In this section, we present the results of our scaling experiments on the Open Catalyst 2020 (OC20) dataset (Chanussot* et al., 2021). The OC20 dataset contains over 130 million atomic structures used to train models for predicting forces and energies during structure relaxations. We report results for three tasks: 1) Structure to Energy and Forces (S2EF) that involves predicting energy and forces for a given structure; 2) Initial Structure to Relaxed Energy (IS2RE) that involves predicting the relaxed energy for a given initial structure; and 3) Initial Structure to Relaxed Structure (IS2RS) which involves performing a structure relaxation using the predicted forces. DimeNet++ and GemNet-T are the current state-of-the-art energy-centric and force-centric models respectively.
4.1 Experimental Setup
DimeNet++-XL. Our DimeNet++ model consists of interaction blocks, with a hidden dimension of , an output block dimension of , and intermediate triplet dimension of . This model has about parameters, which is over larger than the DimeNet++-large model used in (Chanussot* et al., 2021). We call this model DimeNet++-XL. The model was trained with the AdamW optimizer (Kingma and Ba, 2015; Loshchilov and Hutter, 2019) starting with an initial learning rate of , that was multiplied by whenever the validation error plateaus. The model was trained with an effective batch size of 128 on 256 Volta 32GB GPUs with a combination of data parallel and graph parallel training: each graph was split over 4 GPUs with data parallel training across groups of 4 GPUs.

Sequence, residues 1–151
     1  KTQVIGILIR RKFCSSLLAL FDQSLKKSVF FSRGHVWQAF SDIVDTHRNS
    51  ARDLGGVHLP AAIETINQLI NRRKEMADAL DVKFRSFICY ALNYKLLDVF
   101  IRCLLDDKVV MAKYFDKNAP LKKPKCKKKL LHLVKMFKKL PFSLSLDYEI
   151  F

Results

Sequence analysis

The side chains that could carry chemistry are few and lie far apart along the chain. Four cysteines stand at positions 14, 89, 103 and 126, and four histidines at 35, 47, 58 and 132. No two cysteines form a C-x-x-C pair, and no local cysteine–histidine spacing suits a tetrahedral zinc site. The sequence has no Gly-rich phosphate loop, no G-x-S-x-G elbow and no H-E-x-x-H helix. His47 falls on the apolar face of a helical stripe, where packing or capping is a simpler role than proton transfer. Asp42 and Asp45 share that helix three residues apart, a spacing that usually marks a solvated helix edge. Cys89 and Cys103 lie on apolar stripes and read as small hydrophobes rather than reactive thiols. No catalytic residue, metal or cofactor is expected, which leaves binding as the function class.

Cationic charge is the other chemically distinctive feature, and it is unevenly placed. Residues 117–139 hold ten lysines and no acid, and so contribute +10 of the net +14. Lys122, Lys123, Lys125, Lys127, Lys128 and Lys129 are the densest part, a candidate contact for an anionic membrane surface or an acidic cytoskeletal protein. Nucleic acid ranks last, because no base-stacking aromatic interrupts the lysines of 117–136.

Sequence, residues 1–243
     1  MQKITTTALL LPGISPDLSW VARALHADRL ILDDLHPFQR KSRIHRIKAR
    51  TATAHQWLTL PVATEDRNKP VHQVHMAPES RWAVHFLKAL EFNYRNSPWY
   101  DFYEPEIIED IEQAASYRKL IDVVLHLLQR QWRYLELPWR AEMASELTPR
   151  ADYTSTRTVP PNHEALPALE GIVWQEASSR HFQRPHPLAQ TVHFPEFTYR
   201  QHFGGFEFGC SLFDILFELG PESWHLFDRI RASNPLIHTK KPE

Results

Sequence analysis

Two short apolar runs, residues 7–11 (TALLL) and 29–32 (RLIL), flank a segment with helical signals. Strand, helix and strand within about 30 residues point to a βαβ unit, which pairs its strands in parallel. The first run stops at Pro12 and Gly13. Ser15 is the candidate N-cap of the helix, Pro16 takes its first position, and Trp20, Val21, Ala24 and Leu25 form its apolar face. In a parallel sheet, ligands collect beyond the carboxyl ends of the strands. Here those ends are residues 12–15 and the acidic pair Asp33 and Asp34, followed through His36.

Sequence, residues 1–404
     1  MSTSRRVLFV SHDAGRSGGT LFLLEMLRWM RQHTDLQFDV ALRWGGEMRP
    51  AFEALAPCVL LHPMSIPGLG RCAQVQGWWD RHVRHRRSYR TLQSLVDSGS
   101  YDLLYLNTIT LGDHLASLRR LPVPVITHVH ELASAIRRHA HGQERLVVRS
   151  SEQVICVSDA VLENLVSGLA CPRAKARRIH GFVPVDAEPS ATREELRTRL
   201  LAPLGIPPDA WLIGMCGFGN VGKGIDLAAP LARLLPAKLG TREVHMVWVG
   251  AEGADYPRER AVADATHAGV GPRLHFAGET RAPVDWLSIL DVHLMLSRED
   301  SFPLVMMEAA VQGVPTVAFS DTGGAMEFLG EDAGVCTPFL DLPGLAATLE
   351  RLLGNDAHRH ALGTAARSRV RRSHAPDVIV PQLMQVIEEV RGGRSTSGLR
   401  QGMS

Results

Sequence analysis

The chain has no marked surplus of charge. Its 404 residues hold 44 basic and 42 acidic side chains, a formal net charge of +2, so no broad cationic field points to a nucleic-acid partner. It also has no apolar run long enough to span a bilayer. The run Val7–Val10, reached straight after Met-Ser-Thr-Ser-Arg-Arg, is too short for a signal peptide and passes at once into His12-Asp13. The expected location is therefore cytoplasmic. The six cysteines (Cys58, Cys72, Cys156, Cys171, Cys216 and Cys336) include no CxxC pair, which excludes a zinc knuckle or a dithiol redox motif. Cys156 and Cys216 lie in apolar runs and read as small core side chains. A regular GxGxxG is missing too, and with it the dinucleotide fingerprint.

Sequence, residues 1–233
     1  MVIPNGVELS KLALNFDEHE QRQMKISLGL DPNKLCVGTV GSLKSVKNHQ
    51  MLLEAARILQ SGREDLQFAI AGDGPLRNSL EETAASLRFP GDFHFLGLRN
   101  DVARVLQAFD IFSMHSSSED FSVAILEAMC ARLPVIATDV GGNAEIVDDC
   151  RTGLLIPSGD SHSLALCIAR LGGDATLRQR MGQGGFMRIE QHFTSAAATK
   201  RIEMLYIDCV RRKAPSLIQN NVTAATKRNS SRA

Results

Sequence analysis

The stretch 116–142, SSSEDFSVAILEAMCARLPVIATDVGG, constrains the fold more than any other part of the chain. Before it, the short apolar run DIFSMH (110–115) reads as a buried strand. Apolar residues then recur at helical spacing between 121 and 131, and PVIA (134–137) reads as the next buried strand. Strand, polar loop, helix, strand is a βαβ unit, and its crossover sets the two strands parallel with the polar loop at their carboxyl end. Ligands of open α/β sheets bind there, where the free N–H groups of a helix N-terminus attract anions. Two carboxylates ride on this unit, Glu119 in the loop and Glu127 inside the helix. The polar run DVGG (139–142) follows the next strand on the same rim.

GemNet-XL. Our GemNet model consists of interaction blocks, with an edge embedding size of , triplet embedding size of and embedding dimension of the bilinear layer of . We found that it was beneficial to use a small atom embedding size of , much smaller than the previous SOTA GemNet model222discuss.opencatalystproject.org/t/new-gemnet-dt-code-results-model-weights/102. This model has roughly 300M parameters, which is about larger than the previous SOTA model. However, since we reduced the atom embedding dimension and increased the edge and triplet dimensions, the total amount of compute and memory usage is significantly larger. We call this model GemNet-XL. We followed the same training procedure as with DimeNet++, except for a starting learning rate of .
4.2 Structure to Energy and Forces (S2EF)